As the story evolves, we are introduced to Wickham, a young, handsome member of the British army who is stationed in the nearby town of Meryton. “His appearance was greatly in his favour; he had all the best part of beauty, a fine countenance, a good figure, and very pleasing address.” (pg 59) As the afternoon progresses Elizabeth, along with the reader grows to admire Wickham. When the party come across Bingley and Darcy, Elizabeth notices an exchange of cold glares. “Both changed colour, one looked white, the other red.” (pg 59) The reader immediately begins to question Darcy; we instantly think that the tension between the pair is the result of a fault of Darcy’s. Later on, Elizabeth learns that Wickham had planned to enter the ministry but was forced to join the militia because he lacked money. Darcy’s father, Wickham says, had intended to provide for him, but Darcy used a loophole in the will to keep the money for himself. Elizabeth accepts this story as true because she likes and trusts Wickham, she decides that Darcy was worse than originally imagined and deserves nothing but contempt. “How abominable! – I wonder that the very pride of this Mr Darcy has not made him just to you!” (pg 66) The reader is positioned to dislike Darcy because we believe that a good man has been cheated, and that Darcy is to blame.

Soon after Elizabeth learns of Wickham’s misfortunes, a ball hosted by the Bingley’s is held at Netherfield. Elizabeth searches in vain for Wickham but discovers that he isn’t attending, even though he previously promised he would. Elizabeth finds herself dancing instead with Darcy, when she brings up the topic of Wickham “the effect was immediate”. Darcy reveals that “Mr Wickham is blessed with such happy manners as may ensure his making friends – whenever he may be capable of retaining them is less certain.” (pg 74) The reader immediately senses Darcy’s unwillingness to talk of Wickham and, assumes that his silence on the issue is a sign of guilt. Along with the unsocial manner in which Darcy danced with Elizabeth, the reader’s dislike of Darcy is reinforced.

Soon after the Netherfield ball the Bingley party, along with Darcy depart Meryton. Jane is devastated because if the love she had developed for Mr Bingley. As time passes Jane slowly recovers, but Elizabeth feels great sympathy on behalf of her sister. When Elizabeth is invited to join Mr Collins at his new home in Hunsford, she willingly accepts. When she arrives, she along with Mr Collins and Charlotte are invited to Catherine De Bourgh’s mansion, and much to her surprise Darcy and Colonel Fitzwilliam, an acquaintance, are staying with De Borough. “Elizabeth had heard soon after her arrival that Mr Darcy was expected there in a course of a few weeks.” (pg 133) Elizabeth then learns from Colonel Fitzwilliam that Darcy was the reason for the Bingleys quick and discreet departure from Netherfield. “What he told me was merely this: that he congratulated himself on having saved a friend from the inconveniences of a most imprudent marriage… I understand that there were some very strong objections against the lady.” (pg 145) This event because the climax of the readers dislike for Darcy, we have read they pain and sorrow Jane went through and thus can’t understand how Darcy could bring about such pain. Elizabeth argues that Mr Darcy had no right to do what he did, “I do not see what right Mr Darcy had to decide on the propriety of his friend’s inclinations, or why, upon his own judgement alone, he was to determine and direct in what manner that friend was to be happy.” (pg 145)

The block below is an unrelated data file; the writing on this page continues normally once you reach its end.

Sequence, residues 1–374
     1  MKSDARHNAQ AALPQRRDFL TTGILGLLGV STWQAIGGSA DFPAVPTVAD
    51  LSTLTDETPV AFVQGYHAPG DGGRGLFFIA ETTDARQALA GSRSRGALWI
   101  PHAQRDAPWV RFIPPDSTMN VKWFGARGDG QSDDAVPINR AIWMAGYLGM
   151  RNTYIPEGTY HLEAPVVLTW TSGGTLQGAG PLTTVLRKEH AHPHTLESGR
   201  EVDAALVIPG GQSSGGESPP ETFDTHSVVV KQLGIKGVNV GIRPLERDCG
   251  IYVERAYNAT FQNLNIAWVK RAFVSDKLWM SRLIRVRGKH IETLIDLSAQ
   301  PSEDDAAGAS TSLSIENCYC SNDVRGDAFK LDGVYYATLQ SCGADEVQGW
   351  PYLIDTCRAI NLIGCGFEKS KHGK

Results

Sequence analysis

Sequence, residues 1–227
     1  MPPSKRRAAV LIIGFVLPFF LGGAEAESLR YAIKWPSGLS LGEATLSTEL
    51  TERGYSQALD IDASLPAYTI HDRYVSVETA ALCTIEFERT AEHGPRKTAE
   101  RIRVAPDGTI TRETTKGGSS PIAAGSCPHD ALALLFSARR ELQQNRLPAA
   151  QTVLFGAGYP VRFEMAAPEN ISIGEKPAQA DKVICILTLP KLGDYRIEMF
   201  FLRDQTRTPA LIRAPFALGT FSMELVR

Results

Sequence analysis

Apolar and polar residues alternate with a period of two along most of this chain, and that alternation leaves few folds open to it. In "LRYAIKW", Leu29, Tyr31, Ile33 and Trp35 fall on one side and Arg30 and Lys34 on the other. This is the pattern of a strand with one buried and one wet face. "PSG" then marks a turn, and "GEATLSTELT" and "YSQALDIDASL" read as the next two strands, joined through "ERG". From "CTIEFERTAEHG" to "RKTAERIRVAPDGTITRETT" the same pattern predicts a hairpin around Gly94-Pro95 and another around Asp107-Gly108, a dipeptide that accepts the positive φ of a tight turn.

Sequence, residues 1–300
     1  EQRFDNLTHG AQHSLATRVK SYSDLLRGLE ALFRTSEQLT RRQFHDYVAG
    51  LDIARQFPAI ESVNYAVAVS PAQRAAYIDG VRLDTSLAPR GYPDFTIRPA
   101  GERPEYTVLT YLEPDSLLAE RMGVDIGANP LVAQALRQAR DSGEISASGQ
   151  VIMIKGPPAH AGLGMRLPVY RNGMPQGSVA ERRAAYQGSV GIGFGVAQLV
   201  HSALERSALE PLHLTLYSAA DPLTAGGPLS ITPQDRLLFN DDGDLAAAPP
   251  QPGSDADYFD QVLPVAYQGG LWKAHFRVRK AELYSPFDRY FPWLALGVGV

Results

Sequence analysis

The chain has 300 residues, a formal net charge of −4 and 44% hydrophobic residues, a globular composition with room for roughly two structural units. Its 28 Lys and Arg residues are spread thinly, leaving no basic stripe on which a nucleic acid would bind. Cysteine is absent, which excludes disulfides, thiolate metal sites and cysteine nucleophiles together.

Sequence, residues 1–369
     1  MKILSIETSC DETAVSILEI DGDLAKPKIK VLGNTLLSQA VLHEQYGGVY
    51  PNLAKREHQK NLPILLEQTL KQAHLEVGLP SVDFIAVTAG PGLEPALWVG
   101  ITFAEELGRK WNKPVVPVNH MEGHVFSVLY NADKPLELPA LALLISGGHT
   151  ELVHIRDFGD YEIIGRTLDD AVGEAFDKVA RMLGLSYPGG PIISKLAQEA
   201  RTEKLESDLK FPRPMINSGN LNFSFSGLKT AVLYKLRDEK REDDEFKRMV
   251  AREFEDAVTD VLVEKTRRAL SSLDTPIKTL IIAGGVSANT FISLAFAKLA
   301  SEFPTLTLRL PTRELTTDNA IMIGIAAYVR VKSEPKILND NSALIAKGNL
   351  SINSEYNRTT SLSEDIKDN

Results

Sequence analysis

A few days later, still brooding over her resentment of Darcy, Elizabeth receives a visit from the gentleman himself. “To her utter amazement she saw Darcy walk into the room.” (pg 147) From there Darcy launches himself into a proclamation of his love for Elizabeth “You must allow me to tell you how ardently I admire and love you.” (pg 147) Darcy then proceeds to ask Elizabeth’s hand in marriage which she promptly rejects. Darcy, angry and offended at his rejection enquires why she should turn him down. Elizabeth angrily retorts that and demands to know why he sabotaged Jane’s romance with Bingley, she repeats Wickham’s accusations and, declares that she thinks Darcy to be proud and selfish and that marriage with him would be unthinkable. “You could not have made me the offer of your hand in any possible way that would have tempted me to take it.” (pg 150) When Darcy proposes, he does so in a way which is viewed by the reader like he is offering a favour, the mere fact that Elizabeth is so “below him” makes it unforeseeable that she should reject him. “His sense of her inferiority – of its being degradation – of the family obstacles which judgement had always opposed inclination.” (pg 148) Austen has constructed the scene to play out this way, so that the reader further dislikes Darcy because of his pride and ignorance.